Latest News: Forums Cruising Wayfarer World Cruising and Boat Tents

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  • #3549

    Can anyone tell me the best way for sleeping aboard on a Wayfarer World? Given the low height of the thwart and the tendency of the transom flaps to leak if any weight is near the stern, sleeping on the floor seems destined to make for an uncomfortable and damp night.

    Currently I have the purpose built box at the stern, which is great for storage (such as the outboard) but then makes the rest of the cockpit a bit cramped for a 6′ person and its weight encourages the transom flaps to leak. Are there any other sleeping arrangements, such as additions to the benches that work, or is it better to get a collapsable storage bag for the back to create more room. If so where can I get one and how is it anchored to the boat?

    Furthermore what is the best type of boat tent for a World and what frame at the rear do they need? – or are goretex bivvy bags the best bet?

    Lots of questions I know, but I am keen to try and find the best possible solution without bulking out the cockpit when crusing, as a World does not have oodles of storage space.

    Bob Harland

    We have been cruising on our World for 9 years.

    We have 2 very large dri-bags that are strapped to the aft end of the floor. The straps are made of 50mm webbing and fastened with toe-strap plates.
    NB we specified backing blocks in the moulding specifically for these fittings.
    Most of the gear in the bags is in 2/3 medium sized plastic boxes, so for sleeping, the bags are unpacked and the contents stowed forward. You then have lots of space to stretch out.

    For several years we “managed” the transom flaps with some neoprene to improve the seal. But this year we have taped them up – and are much better for it.

    This just leaves the problem of rain water coming down the mast – particularly the luff groove. One day I will find a way to seal that!
    Just remember to sponge the boat dry before you put your sleeping bags out. Unless it rains heavily there is enough capacity in the bailer divets – just cover them over with something to keep your bag out. So I don’t see a bivvy bag as necessary, a mat of course is.

    There’s really no difference in tents for the World – it’s the same pros and cons as the other Wayfarer versions. The boom crutch will sit on the aft end of the side decks – just epoxy some timber locators on. Rob Wagstaffe is I believe developing a hooped tent – that’s likely to be the best compromise for a Wayfarer boat tent. Check this link



    That is very helpful and thank you – do you by any chance have any photos of the layout (straps, boxes and bags etc)? I am thinking of converting from my hard stern box to bags and would like to see how it is done. For instance do you use an outboard and, if so, where do you keep it when not in use? (that is one thing the stern box is very good for). And do you keep the rear seats in?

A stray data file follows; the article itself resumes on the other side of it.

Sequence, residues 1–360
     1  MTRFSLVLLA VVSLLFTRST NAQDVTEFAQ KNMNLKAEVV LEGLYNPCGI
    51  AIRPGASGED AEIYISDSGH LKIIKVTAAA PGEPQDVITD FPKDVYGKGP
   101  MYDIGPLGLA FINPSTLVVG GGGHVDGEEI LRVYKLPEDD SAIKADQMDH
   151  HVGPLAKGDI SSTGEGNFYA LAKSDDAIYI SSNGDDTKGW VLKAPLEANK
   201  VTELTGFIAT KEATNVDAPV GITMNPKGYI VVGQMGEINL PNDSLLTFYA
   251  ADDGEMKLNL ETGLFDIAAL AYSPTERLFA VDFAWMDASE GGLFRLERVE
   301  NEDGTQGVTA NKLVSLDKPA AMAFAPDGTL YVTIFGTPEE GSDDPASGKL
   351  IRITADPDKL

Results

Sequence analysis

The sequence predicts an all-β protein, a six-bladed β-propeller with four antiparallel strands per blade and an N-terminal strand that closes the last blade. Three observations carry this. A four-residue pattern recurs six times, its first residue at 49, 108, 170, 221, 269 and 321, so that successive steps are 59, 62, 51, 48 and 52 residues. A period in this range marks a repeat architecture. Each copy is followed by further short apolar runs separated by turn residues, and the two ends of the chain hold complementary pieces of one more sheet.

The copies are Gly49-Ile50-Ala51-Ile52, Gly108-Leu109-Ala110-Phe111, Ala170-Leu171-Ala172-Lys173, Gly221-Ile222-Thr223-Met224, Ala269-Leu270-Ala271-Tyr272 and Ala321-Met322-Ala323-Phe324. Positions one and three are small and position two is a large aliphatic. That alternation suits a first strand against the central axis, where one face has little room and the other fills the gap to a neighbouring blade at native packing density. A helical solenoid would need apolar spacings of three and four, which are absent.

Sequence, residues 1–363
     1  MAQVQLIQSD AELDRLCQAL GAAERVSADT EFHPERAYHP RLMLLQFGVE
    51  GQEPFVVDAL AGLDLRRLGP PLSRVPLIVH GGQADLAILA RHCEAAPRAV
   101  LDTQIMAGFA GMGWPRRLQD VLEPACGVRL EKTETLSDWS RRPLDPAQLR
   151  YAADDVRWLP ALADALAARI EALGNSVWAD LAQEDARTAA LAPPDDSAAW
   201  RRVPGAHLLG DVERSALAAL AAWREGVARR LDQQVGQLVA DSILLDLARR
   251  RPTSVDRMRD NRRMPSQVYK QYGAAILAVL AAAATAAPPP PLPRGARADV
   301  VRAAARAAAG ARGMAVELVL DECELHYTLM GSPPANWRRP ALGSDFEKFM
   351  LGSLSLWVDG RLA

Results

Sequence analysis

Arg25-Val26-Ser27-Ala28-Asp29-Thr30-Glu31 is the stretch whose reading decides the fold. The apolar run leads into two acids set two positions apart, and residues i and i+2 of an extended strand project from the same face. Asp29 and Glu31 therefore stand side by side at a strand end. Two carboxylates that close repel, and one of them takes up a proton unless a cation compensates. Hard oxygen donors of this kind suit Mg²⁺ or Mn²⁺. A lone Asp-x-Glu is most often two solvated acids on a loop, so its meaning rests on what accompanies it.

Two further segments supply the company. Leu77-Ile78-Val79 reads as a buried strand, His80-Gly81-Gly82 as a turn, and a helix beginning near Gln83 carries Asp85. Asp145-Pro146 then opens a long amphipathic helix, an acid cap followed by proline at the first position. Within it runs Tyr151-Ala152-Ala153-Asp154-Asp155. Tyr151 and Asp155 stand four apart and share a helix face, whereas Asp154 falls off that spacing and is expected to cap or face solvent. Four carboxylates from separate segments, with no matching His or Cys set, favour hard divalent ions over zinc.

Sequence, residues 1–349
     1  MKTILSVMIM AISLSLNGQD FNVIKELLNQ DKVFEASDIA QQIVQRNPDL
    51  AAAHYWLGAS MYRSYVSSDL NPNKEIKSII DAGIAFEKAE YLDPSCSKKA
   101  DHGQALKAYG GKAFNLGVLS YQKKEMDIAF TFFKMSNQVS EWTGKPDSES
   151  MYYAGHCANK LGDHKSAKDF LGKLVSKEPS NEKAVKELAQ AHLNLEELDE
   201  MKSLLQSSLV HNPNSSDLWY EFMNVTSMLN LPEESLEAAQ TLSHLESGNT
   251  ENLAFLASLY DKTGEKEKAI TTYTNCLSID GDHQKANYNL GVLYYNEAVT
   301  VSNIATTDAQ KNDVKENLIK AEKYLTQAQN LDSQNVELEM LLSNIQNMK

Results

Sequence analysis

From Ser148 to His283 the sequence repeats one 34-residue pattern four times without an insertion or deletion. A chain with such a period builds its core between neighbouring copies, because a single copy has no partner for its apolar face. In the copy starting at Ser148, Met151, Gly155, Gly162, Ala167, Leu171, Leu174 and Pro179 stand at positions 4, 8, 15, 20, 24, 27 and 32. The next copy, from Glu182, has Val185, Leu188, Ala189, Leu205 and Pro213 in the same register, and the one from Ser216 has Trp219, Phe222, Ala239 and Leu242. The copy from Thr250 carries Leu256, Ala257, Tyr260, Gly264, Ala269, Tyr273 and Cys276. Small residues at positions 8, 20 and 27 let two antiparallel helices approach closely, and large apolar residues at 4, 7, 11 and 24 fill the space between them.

I have looked at Bob Wagstaffe’s pictures, and the ones his wife subsequently sent me of the hooped tent, and they look very good. Total weight and volume much reduced from the Mark 3 setup which is good.

    Bob Harland

    I will try an post some photos in the next few days.

    We don’t carry an outboard, if you look at some of the posts you will see most people leave them permanently on a bracket fixed to the transom.

    We don’t have rear seats.

    We tend to be a bit minimalist, which is not everyones way of cruising. Even the paddle has to fight pretty hard for a place in the inventory.


    Dear Adrian
    Once again thanks for the tow to Portsmouth Harbour. As one of more mature years than yourself I am still very impressed by the strength of your bladder muscles!
    Anyway to business: my son & I camped in our World on the Broads cruise in May:
    Rear benches removed two (90L dry bags I think) secured to transom when sailing. Removed for sleeping, head to thwart, feet to transom. Loads of room.
    Transom flaps removed & holes sealed inside & out with duck tape – bone dry.
    However, bailers not watertight so got wet at foot of sleeping bags the first night. Same treatment with tape on the outside just about cured the problem.
    Best wishes
    Graham Lawson
    10004 Skylark

    Bob Harland

    Our bailers do not leak into the boat – one is original (9years) and one is about 3 years old. I am careful to clean off any grit on the outside and inside whenever the boat comes out of the water.



    What do you attach the dry bags to?



    I have attached eyebolts through the centre holes of the (now redundant) ‘doorstops’ which hold in the ‘watertight’ box at the transom. I have two eyeplates each side in each of the seat runners, and 2 eyeplates through bolted back to back each side of the seat/front bulkhead join. This gives plenty of strong attachment points all around the boat.

    The problem I am trying to resolve at the moment (amongst others) is the question of balance.. with a full drybag across the transom, and outboard hanging off it, it is hard to sail the boat level without the transom digging in.



    Try leaving the laptop at home!


    I hav A MK11.SD. The drain tubes have flaps.leaked like yours.
    I cured this by having hatches fitted inside the boat.When perparing for sleeping crew stands on foredeck while I screw covers on.
    My tubes are 5″ diameter. World,s I thnik are rectuanglar so you would need A round hatch big enough to cover drain hole.
    Jim.Byers. Minstral.

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